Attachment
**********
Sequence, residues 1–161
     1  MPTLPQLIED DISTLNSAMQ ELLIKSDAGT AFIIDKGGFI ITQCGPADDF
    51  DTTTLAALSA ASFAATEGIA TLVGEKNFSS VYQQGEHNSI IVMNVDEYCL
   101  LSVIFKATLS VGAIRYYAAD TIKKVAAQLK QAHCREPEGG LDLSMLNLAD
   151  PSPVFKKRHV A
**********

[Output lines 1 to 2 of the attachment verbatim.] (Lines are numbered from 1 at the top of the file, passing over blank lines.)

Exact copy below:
Sequence, residues 1–161
     1  MPTLPQLIED DISTLNSAMQ ELLIKSDAGT AFIIDKGGFI ITQCGPADDF